To build a clock you have to give it the representation (storage type). You must also supply the clock period, which must be a compile time constant, even though your machine may change clock speed in different power modes. And from those you can easily define your clock's "native" time duration and time point in terms of these fundamentals.

If all you want to do is output the number of clock ticks, it doesn't really matter what number you give for the clock period. This constant only comes into play if you want to convert the number of clock ticks into some real-time unit such as nanoseconds. And in that case, the more accurate you are able to supply the clock speed, the more accurate will be the conversion to nanoseconds, (milliseconds, whatever).

Below is example code which shows how to use x::clock. Actually I've templated the code on the clock as I'd like to show how you can use many different clocks with the exact same syntax. This particular test is showing what the looping overhead is when running what you want to time under a loop:

#include <iostream>

template <class clock>
void
test_empty_loop()
{
    // Define real time units
    typedef std::chrono::duration<unsigned long long, std::pico> picoseconds;
    // or:
    // typedef std::chrono::nanoseconds nanoseconds;
    // Define double-based unit of clock tick
    typedef std::chrono::duration<double, typename clock::period> Cycle;
    using std::chrono::duration_cast;
    const int N = 100000000;
    // Do it
    auto t0 = clock::now();
    for (int j = 0; j < N; ++j)
        asm volatile("");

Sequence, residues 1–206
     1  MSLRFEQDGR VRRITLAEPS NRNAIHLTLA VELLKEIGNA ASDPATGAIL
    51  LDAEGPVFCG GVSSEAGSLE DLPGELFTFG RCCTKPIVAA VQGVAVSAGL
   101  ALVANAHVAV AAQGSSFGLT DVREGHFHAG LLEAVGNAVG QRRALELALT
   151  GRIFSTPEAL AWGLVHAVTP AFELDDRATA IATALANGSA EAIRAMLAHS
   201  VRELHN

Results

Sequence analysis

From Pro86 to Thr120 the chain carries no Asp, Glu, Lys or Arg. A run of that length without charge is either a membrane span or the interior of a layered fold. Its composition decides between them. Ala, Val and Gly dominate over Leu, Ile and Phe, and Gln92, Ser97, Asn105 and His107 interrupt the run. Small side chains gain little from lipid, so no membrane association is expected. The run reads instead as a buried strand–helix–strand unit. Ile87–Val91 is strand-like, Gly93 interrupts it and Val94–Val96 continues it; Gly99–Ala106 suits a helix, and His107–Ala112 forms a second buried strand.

auto t1 = clock::now();
    // Get the clock ticks per iteration
    auto ticks_per_iter = Cycle(t1-t0)/N;
    std::cout << ticks_per_iter.count() << " clock ticks per iteration\n";
    // Convert to real time units
    std::cout << duration_cast<picoseconds>(ticks_per_iter).count()
              << "ps per iteration\n";
}

The first thing this code does is create a "real time" unit to display the results in. I've chosen picoseconds, but you can choose any units you like, either integral or floating point based. As an example there is a pre-made std::chrono::nanoseconds unit I could have used.

As another example I want to print out the average number of clock cycles per iteration as a floating point, so I create another duration, based on double, that has the same units as the clock's tick does (called Cycle in the code).

The loop is timed with calls to clock::now() on either side. If you want to name the type returned from this function it is:

typename clock::time_point t0 = clock::now();

(as clearly shown in the x::clock example, and is also true of the system-supplied clocks).

To get a duration in terms of floating point clock ticks one merely subtracts the two time points, and to get the per iteration value, divide that duration by the number of iterations.

You can get the count in any duration by using the count() member function. This returns the internal representation. Finally I use std::chrono::duration_cast to convert the duration Cycle to the duration picoseconds and print that out.